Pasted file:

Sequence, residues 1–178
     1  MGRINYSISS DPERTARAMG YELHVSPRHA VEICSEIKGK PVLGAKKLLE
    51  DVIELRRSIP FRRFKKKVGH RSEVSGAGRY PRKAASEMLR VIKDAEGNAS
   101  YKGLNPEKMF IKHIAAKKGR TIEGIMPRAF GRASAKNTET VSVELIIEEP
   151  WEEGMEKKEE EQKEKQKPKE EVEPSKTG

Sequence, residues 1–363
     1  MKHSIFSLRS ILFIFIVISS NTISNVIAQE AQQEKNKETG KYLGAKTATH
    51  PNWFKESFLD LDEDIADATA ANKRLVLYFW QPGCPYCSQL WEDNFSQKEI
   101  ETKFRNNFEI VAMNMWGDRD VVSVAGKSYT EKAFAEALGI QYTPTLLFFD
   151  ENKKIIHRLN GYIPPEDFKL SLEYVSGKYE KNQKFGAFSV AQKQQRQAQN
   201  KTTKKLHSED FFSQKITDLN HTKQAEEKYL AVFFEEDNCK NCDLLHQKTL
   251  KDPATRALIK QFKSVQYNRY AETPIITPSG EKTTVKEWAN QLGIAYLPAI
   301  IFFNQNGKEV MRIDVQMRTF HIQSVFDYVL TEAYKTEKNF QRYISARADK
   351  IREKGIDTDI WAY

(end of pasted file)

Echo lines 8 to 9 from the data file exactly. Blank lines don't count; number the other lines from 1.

    51  PNWFKESFLD LDEDIADATA ANKRLVLYFW QPGCPYCSQL WEDNFSQKEI
   101  ETKFRNNFEI VAMNMWGDRD VVSVAGKSYT EKAFAEALGI QYTPTLLFFD